I started fighting for the ERA forty years ago.  It is still a deeply held belief that women deserve and must have equality in the Constitution.  I honestly don't know why it has never passed Congress to make it to the states for ratification since 1972.  It's another disgrace in my eyes.  It goes beyond reason why women would vote against it but I have a hope that if it's true that extremism and the pendulum having swung so far to the right, is the perfect time to wage another war for it, then I'm ready.  I am a stalwart believer that many issues would fall into place if it were unconstitutional for them not to.

    My hope is also that there are more women who stand up for themselves than don't but for those that don't or don't see the value in other women, all I can say is we will fight for them also because it's what women who do do.  I have to believe also that if we are vocal, if we refuse to shut up, if we offer safety and security, if we continue to reach out those women who live behind their fear will know they have a place to go, those women who live a lie behind a gated community will know we are waiting for them, women who live in quiet desperation will know we will continue to speak out for them until they are ready to speak for themselves.  It's all about not giving up, for ourselves and for each other.  That's all we have afterall, is each other.  Welcome to our club Stuart, we've been waiting for you also.

    Katrina changed everything, you bet your sweet ass it did. "Women's social rights are not critical to the evolution of democracy." Reuel Gerecht

    by caliberal on Sun Sep 11, 2005 at 08:47:54 PM PDT

    [ Parent ]

    •  And a heartfelt wow for you, too (none)
      I was sitting here mulling over how to respond to Stuart's post, when you said what I wanted to, and far more eloquently than I would have. Great to read some good old-fashioned righteous feminism, and from such an effective writer.

      Thanks, also, for trusting us with that searing personal testimony. I'm deeply grateful and moved to have read your story.

      Don't ever stop speaking out.

      •  Damn, we're good (none)
        Thank you for such kind words.  I found such hope in Stuarts posts tonight.  He questions so much, is so willing to ask, and he's hungry for answers.  I find it heartening when men want to understand so badly they dare to speak up.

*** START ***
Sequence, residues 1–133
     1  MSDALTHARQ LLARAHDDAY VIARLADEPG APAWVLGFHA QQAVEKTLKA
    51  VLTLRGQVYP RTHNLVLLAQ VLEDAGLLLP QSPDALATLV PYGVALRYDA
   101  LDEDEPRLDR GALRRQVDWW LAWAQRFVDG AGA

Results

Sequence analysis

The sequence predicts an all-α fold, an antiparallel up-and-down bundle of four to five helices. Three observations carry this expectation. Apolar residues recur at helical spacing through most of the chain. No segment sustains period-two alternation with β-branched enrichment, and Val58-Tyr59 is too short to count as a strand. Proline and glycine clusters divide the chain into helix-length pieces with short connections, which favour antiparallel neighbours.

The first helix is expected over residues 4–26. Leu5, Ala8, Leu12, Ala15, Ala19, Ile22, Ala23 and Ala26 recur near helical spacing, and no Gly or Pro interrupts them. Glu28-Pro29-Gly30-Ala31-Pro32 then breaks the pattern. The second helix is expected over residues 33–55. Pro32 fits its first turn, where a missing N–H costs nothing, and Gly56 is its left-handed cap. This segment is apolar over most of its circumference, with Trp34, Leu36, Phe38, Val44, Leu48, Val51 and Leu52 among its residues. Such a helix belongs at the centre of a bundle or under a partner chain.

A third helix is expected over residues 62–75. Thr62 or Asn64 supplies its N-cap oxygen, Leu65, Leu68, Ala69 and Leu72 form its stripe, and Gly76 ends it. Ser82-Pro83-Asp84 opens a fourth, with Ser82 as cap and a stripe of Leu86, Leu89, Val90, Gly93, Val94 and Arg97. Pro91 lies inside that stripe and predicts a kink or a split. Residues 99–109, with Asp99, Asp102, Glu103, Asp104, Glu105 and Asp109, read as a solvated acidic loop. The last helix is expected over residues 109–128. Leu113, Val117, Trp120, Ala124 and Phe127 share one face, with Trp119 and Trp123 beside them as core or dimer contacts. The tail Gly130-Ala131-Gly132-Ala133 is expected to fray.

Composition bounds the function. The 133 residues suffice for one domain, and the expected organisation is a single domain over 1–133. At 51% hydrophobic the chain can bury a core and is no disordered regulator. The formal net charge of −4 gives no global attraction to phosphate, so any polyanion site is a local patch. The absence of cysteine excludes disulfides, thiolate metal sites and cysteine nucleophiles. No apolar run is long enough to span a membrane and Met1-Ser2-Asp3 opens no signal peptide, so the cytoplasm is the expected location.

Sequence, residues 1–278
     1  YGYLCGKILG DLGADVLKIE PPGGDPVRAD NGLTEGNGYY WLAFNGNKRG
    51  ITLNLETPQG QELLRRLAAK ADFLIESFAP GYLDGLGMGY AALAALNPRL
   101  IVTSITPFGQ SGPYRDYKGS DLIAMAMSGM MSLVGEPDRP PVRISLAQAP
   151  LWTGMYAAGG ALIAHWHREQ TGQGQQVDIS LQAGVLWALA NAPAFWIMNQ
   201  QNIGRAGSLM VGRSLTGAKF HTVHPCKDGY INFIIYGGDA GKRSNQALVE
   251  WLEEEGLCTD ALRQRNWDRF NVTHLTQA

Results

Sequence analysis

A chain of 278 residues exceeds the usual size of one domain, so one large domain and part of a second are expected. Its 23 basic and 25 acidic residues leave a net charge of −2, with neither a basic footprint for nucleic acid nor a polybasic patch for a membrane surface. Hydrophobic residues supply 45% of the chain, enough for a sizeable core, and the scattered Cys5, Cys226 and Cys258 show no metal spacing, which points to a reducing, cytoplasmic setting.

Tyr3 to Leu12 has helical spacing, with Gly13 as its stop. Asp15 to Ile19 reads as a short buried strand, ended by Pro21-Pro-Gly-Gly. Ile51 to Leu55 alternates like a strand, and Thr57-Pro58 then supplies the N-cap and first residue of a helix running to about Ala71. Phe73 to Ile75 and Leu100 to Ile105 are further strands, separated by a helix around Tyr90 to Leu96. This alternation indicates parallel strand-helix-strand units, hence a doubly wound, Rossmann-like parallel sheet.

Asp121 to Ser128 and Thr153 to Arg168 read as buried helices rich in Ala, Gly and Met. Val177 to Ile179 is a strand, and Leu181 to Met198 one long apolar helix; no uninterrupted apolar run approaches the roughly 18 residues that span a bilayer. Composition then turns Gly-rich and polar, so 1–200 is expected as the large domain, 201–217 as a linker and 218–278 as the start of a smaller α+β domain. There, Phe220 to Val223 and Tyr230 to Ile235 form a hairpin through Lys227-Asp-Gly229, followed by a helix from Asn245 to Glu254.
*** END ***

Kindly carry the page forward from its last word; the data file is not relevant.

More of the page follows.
Another old fashioned feminist, Dorothy Allison, wrote, "Stories are the one sure way to touch the heart and change the world." It's the best of what I have to give, my truth, my story.  It's really as simple as that.  

        I have a feeling we've got another great and righteous feminist onboard.  It's wonderful to have you.  I especially enjoyed this from you in another post.

        Deck the halls with Boston Charlie
        Walla Walla, Wash, and Kalamazoo.
        Nora's riding on a trolley,
        Swaller holler cauliflower alley garoo!

        Don't we know archaic barrel
        Lullaby, lily boy, Louisville Lou,
        Trolley Molly don't love Harold
        Pensacola boolah boolah Hullabaloo!

        What's a night without some good ole' girl time pee pee laughter?  Damn, we're good.  

        Katrina changed everything, you bet your sweet ass it did. "Women's social rights are not critical to the evolution of democracy." Reuel Gerecht

        by caliberal on Sun Sep 11, 2005 at 11:38:35 PM PDT

        [ Parent ]

    •  Thanks for the Welcome (none)
      It's good to find someone to fight along side of.

      Thanks for your thoughts and words; I'll take them, think about them, and talk about them with others.

      I also need to research exactly why whatever policies and statutes we have here in NYC don't work with respect to protecting women (and whether or not those policies fail because they fail to address womens' cultural issues).  

      This can only help, I hope.

      Thanks again, see you around here.

      •  StruartZ (none)
        Are you reachable by email? Not sure this is proper Kos etiquette, I'm still just a proby around here, but I can't stop thinking about your posts here, and I would love to talk to you directly about the questions you raise. I think I've got too much to say to fit comfortably into this thread, so let me know if you feel like continuing the conversation.

        And let me echo Caliberal, and say it's great to see men taking these questions seriously.

        •  BC (none)
          I'm not sure about proper Kos etiquette either, but:

          re: "'s great to see men taking these questions seriously"

          I'm just concerned; it seems natural to me.

          What's on your mind?